Sure you do. You go to the State of Oregon, or City of Portland website and start searching through the various departments until you find the one that covers construction zone regulations. You do that, not because it’s your job, but you consider yourself, I guess, to be some kind of advocate for biking, and because it seems you feel that the way construction zones are being set up is not what it should be.

El Biciclero
Guest
El Biciclero

“You go to the State of Oregon, or City of Portland website and start searching through the various departments until you find the one that covers construction zone regulations.”

I guess I could do that, couldn’t I? Then every time I came across a poorly-managed work zone with a substandard TCP (That’s “Traffic Control Plan”—I learned that from the ODOT TCP manual, although I haven’t read all six chapters yet), I could send an email to someone citing specifics about how this or that project wasn’t complying with the suggestions in the manual. Not really much legal bite in suggestions, though.

Come to think of it, I could also carry a broom with me everywhere and sweep up all the piles of glass I come across in the bike lane, I could always stop to move big sticks and such out of the likely path of bikes, I could stop and chat with drivers who fling their doors open in front of me, reminding them to look first, I could go knock on the doors of homeowners with giant piles of black gravel partially blocking the street at night and try to get them to put out a reflective cone or something, always stop to leave a politely-worded note of encouragement for drivers who park in bike lanes to get them to park elsewhere, I could be sure to always tap on the windows of cell-phone-using drivers when I caught up to them at lights and remind them that phoning and driving might kill me, I could always ride at no greater than 10 mph, just to be safe and always prepared to stop and dismount when a signal couldn’t detect me or there might be giant piles of leaves or gravel in the road—and I’d turn every 20-minute bike trip into an hour-long political or community action campaign. Not that there’s anything wrong with that, but if folks did everything they could do to fix the problems in the world, they wouldn’t have time for anything else. This is why we have professional advocacy organizations and others who focus on a specific class of problems and can get word out to the right people about these kinds of things. My only hope is that my comments and discussion in forums such as this one are seen and read and might maybe get someone who knows somebody who met some of the right people once thinking about some new aspect of a problem.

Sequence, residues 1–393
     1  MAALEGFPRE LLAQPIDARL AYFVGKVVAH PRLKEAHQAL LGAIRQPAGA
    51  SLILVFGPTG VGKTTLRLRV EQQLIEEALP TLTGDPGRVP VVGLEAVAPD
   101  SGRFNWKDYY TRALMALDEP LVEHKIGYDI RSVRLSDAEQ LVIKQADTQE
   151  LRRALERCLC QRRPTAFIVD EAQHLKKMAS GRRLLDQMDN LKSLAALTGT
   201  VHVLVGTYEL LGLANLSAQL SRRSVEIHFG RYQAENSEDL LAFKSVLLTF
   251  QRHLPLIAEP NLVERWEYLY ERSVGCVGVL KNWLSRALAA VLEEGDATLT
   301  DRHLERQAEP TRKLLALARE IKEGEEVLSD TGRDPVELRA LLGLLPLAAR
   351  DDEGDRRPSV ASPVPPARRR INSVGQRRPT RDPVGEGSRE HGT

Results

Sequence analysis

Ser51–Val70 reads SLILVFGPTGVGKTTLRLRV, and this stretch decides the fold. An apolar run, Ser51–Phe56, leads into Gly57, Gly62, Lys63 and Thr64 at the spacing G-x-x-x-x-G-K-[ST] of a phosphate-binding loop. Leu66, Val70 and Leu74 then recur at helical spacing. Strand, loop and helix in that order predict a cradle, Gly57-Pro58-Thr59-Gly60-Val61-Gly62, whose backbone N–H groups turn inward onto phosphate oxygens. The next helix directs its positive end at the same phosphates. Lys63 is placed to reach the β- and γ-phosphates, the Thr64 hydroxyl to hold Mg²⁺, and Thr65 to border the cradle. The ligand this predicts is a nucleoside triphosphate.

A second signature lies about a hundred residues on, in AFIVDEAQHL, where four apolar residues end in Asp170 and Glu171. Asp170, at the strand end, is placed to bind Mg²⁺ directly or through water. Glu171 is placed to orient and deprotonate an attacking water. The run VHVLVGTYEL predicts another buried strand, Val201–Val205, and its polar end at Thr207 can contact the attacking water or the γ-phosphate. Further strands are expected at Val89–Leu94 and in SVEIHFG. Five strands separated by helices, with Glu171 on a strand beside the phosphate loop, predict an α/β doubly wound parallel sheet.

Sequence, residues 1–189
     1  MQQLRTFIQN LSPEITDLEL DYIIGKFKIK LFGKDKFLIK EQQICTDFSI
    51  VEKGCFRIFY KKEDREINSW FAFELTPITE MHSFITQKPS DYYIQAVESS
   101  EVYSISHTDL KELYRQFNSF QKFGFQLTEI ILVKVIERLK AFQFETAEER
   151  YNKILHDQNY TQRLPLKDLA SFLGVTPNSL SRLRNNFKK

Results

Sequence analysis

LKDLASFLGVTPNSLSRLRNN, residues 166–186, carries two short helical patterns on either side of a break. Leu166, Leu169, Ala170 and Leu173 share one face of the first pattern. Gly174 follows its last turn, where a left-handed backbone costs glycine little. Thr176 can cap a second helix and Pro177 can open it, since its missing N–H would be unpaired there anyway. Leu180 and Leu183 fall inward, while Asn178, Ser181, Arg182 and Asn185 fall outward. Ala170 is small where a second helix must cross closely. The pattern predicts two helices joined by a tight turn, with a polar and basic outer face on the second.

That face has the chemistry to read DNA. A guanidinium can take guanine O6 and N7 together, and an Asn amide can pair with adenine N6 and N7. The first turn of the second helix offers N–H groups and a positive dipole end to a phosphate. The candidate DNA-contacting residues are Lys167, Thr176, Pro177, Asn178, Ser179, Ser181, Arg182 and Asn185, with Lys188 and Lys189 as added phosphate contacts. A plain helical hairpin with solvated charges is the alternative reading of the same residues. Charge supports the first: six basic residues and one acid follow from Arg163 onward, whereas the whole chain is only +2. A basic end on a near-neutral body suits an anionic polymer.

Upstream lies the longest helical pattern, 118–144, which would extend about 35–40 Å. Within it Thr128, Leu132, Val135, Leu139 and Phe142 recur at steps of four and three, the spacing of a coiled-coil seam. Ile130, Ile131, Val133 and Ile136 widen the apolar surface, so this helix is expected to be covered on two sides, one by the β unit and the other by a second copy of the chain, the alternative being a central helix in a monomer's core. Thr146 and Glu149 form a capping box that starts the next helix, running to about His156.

GlowBoy
Guest
GlowBoy

Echoing El Biciclero, the current regulations aren’t really relevant here. What matters is that what’s currently being done is inadequate and unsafe.